Every simple closed curve has lots of inscribed parallelograms and
lots of inscribed rhombuses.
[Mark J. Nielsen, Rhombi inscribed in simple closed curves,
Geometriae Dedicata 54: 245-254 (1995).]
- THEOREM C:
Every simple closed curve has at least one inscribed rectangle.
[Proof due to Vaughan, included in the paper
Balancing acts,
Topology Proc. 6: 59-75 (1981) by Mark D. Meyerson.]
Finally, many interesting results can be proved about triangles
inscribed in curves. This is, of course, a bit easier to deal
with than squares, since the number of points to grapple with is only
three.
- THEOREM D:
If J is any simple closed curve and T is any triangle
then J has an inscribed triangle similar to T.
[Mark D. Meyerson,
Equilateral triangles and continuous curves,
Fund. Math. 110: 1-9 (1980).]
- THEOREM E:
Extending Theorem D, J has so many inscribed triangles similar to
T that the vertices of all these inscribed triangles are
"dense" in the curve J.
[Mark J. Nielsen, Triangles inscribed in simple closed curves,
Geometriae Dedicata 43: 291-297 (1992).]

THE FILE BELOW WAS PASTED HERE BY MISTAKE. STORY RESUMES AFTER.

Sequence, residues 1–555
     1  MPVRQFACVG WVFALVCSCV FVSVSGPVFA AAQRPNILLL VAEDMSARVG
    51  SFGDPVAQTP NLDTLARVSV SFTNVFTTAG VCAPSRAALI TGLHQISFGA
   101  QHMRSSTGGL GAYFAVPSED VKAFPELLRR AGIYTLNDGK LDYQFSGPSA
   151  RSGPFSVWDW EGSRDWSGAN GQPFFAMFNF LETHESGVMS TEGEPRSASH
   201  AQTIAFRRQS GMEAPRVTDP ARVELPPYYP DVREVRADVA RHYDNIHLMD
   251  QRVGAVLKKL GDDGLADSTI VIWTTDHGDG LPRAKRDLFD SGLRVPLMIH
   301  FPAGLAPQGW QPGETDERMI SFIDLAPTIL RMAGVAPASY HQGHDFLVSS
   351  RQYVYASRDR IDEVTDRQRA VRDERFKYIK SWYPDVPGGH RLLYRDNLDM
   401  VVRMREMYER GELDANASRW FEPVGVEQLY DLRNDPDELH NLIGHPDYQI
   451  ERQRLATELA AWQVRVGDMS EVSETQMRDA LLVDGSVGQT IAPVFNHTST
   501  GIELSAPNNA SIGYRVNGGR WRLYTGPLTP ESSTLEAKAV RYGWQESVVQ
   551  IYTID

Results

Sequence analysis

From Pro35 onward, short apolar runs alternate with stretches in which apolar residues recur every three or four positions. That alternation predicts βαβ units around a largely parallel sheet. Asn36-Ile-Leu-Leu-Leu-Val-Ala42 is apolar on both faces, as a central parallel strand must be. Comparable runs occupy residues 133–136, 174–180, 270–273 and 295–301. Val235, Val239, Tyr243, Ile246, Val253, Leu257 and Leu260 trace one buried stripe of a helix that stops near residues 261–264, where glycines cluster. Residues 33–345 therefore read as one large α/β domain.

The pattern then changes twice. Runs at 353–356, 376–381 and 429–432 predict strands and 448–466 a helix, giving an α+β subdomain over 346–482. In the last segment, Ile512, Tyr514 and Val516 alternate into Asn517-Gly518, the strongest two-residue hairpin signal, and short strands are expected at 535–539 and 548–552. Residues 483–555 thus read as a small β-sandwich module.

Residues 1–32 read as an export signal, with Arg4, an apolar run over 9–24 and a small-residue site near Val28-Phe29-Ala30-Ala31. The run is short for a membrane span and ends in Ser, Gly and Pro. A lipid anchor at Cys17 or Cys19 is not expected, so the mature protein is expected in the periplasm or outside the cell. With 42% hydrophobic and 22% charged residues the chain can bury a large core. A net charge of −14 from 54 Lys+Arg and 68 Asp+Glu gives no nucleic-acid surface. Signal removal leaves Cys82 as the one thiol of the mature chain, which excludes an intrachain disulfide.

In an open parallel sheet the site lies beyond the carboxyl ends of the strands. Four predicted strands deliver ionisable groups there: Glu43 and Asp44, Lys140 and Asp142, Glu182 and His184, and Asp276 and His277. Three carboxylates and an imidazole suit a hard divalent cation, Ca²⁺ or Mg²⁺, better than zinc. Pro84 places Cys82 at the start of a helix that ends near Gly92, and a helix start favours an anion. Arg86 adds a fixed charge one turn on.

- THEOREM F:
If T is any triangle and if
J is a simple closed curve in 3-dimensional
space R^{3} (instead
of in the plane) that is differentiable (has a tangent line) at at least
one point, then J has an inscribed triangle similar to T.
[Eric Rawdon and Jonathan Simon, unpublished(?) -- correspondence
with Professor Victor Klee.]
If you like geometry, you may enjoy reading a few of the proofs of the
above theorems (just follow the links).
For a more thorough introduction to the
inscribed squares problem, as well as many more
references to related papers, consult pp.58-65 and 137-144
in the excellent book Old and New Unsolved Problems in Plane Geometry
and Number Theory (1991, Mathematical Association of America) by
Victor Klee and Stan Wagon.
You may even feel inspired to try your own hand
at chipping away toward a solution to the inscribed squares problem.
Below you will find a few exercises to get you warmed-up,
followed by some open-ended (and as-yet-unanswered) questions.
Good luck -- as they
say in TV's The X-files, "the truth is out there somewhere."